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Discussion Starter · #1 ·
We are going away again sailing at the end of May for 5 months.

I am looking for suggestions on how to keep the battery on my Speedmaster in top condition.

I don't want to leave it connected to a charger for that amount of time. Would it be okay to connect it through a charger and a timer set for a certain length of time each day? If so for how long?

The charger I have available is a 4amp. That says battery minimum size is 20amph.
 

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Probably better off buying an optimate or simliar battery tender - these trickle a small charge into the battery and monitor the voltage, so as to not overcharge it. I don't think they are that expensive - a worthwhile investment. I believe Triumph now offer the Optimate as a genuine accessory - most likely at an inflatory price though.
 

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I ve alwayse left my bikes, 4 wheelers, cars on batterytenders sometimes for months at a time and have never had a problem they have a feature to where they will not over charge the battery.
 

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Battery Tender

I have a battery tender on mine, it has a trickle charge and only comes on when the need requires. It is not expensive and means you won't overcharge and risk damage to the battery or worse. Motorcyles, boats, skidoos and seadoos all have battery requirements that are the same so phone around and check auto supply stores for a good deal.
 

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Discussion Starter · #5 ·
thanks for the info. I am going into town in the morning and all our auto stores are all close together. I can have a good look at whats available. One thing I don't need is a stuffed battery when we return in December. I usually get a friend to drive my 4x4 once a week to keep it charged. No way is he riding my bike.:eek:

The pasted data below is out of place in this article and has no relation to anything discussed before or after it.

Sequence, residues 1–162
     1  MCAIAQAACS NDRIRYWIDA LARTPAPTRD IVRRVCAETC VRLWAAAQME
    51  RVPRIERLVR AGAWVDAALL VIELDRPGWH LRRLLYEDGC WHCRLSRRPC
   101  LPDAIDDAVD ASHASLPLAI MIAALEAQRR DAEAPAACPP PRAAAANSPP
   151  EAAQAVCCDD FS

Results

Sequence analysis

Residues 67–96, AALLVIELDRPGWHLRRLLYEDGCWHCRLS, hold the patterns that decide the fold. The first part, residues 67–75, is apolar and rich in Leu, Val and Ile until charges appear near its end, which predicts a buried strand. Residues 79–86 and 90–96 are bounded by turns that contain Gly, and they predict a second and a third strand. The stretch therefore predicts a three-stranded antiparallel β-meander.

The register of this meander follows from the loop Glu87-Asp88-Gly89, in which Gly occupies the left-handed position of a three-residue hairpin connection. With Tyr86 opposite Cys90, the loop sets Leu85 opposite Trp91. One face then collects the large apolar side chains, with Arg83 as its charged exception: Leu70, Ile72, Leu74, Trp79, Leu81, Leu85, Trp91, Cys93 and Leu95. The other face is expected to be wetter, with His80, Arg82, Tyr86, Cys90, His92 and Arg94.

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I have to correct some unintentional mistakes here:

Battery tenders are not trickle chargers.

You cannot charge a Triumph battery from Yuasa that has an "X" in the part number with a trickle charger or conventional charger for that matter.

If your battery has a "YTX" prefix then it is an AGM battery and AGM batteries must be charged by a voltage regulated charger. Your charger must say "safe for AGM" batteries on it. It's not a matte of amps, its a matter of voltage.

A Bettery Tender is a small charger that sends 900ma at 14.4 volts to the battery. When the battery is at full charge (12.6v) the tender goes into a float mode where is just monitors the batteries voltage. When the battery drops to below 12.4v the tender charges it up to 12.6 again. As the batteyr sits the tender will switch to a third mode and send pulses to the battery which stop sulfating and plate scaling. They are cheap and worth every penny.

A trickle charger just sends the set amperage to the battery and keeps doing that until it is turned off or turns off through an automatic setting. It doesn't turn back on when you battery drops down and if there battery isn't taking the set voltage it pushes the amps buy upping the voltage. Its not uncommon to see over 16v from a 12 trickle charger. That will melt the glass mats in your AGM battery.

Battery tender all the way for battery maintenance.
 

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That's good clarification Calliway, thanks.

A true battery tender is what you want, but if you can't get one, just disconnect the battery altogether. Calliway is right, you don't want to be constantly dumping a charge in for all that time. My bad, I did not properly sort out my terminology.
 

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Discussion Starter · #8 ·
Thanks Guys, I bought a battery tender from my local auto parts store A$42. Well worth it to keep my battery up to scratch.
 
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